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Re: Vehicle towing
Reply #15 - Dec 12, 2010 - 09:21
Found it! Legend 153, P46.
 
This is a pic JC didn't use.

Offline starken

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Re: Vehicle towing
Reply #16 - Dec 12, 2010 - 10:44
Yes, that would be ideal. It also has the advantage that it can be used off-side or nearside. Depending on the make of the towing vehicle, the rear towing eye may be placed on the near-side or off-side and it is best that the rigid bar should be pulling in as near as possible a straight line. In terms of the original thread, there has been, as always, much advice on this subject and, as with all other other advice given on the forum, you read the advice and make your own decision about what is best for you.

Offline fifty seven

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Re: Vehicle towing
Reply #17 - Dec 12, 2010 - 11:09
Yes, that would be ideal. It also has the advantage that it can be used off-side or nearside. Depending on the make of the towing vehicle, the rear towing eye may be placed on the near-side or off-side and it is best that the rigid bar should be pulling in as near as possible a straight line. In terms of the original thread, there has been, as always, much advice on this subject and, as with all other other advice given on the forum, you read the advice and make your own decision about what is best for you.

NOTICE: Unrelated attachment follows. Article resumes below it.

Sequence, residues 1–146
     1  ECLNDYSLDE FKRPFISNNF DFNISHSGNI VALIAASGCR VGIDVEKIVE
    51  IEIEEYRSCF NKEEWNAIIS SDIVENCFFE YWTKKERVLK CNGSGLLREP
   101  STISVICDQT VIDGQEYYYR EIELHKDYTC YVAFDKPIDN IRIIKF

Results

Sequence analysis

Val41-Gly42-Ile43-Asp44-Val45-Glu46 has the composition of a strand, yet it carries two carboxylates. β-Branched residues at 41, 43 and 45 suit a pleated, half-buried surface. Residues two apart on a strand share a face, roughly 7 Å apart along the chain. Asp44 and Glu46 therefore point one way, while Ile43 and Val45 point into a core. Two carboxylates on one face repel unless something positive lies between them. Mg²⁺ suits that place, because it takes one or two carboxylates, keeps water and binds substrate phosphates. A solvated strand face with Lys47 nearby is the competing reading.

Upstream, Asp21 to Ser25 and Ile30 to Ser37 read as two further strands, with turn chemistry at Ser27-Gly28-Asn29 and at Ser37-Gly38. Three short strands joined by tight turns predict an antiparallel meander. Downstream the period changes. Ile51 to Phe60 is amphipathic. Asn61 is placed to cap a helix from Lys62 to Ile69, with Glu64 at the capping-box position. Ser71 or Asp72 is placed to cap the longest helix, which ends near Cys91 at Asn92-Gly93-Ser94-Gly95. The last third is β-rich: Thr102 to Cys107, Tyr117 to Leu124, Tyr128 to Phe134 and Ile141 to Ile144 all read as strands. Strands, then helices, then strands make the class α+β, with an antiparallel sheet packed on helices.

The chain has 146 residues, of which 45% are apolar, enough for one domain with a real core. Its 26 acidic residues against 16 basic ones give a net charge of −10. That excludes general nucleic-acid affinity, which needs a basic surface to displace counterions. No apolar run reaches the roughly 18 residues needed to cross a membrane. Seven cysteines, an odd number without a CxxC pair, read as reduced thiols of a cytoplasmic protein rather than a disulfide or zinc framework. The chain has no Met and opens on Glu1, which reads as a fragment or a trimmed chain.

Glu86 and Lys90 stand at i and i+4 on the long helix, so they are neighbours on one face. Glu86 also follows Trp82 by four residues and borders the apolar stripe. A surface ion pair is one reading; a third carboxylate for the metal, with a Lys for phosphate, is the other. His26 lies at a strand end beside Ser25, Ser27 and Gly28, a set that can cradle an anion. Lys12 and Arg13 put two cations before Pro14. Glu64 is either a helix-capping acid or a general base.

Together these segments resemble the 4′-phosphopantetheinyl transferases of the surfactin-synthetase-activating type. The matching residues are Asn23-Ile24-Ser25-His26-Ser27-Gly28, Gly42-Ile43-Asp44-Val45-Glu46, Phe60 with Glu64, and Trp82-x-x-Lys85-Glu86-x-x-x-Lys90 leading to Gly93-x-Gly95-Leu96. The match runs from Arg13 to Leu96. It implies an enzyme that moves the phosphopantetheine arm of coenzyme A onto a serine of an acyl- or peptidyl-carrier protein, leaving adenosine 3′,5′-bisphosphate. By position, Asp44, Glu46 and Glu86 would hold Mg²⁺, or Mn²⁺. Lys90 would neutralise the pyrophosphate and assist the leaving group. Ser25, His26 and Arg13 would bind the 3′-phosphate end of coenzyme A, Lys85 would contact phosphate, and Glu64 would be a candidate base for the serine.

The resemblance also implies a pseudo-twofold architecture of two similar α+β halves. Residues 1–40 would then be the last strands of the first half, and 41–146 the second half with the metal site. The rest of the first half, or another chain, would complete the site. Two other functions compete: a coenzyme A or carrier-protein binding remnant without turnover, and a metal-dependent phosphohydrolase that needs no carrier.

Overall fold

UK Law ?  what has that got to do with it anyway ?  :huh: :tic:

 :smiley: :smiley: :smiley:

Offline starken

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Re: Vehicle towing
Reply #18 - Dec 12, 2010 - 14:54
There are really two aspects to this question. The first relates to the how. In other words, what method of short term recovery do members use. The second relates to the legal position. Reasonably, since the original request came from a member in England, there has been a focus on UK law and there has been some excellent advice and some which has been a matter of interpretation but of course this forum is read world wide and legal restrictions will vary widely. In Azerbaijan for instance, a racing camel may not travel at a speed of more than 85km/hour on a recently surfaced road. - I believe. Maybe it's now warm enough to get back out to the shed.

Offline BrettPritt Moderator

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Re: Vehicle towing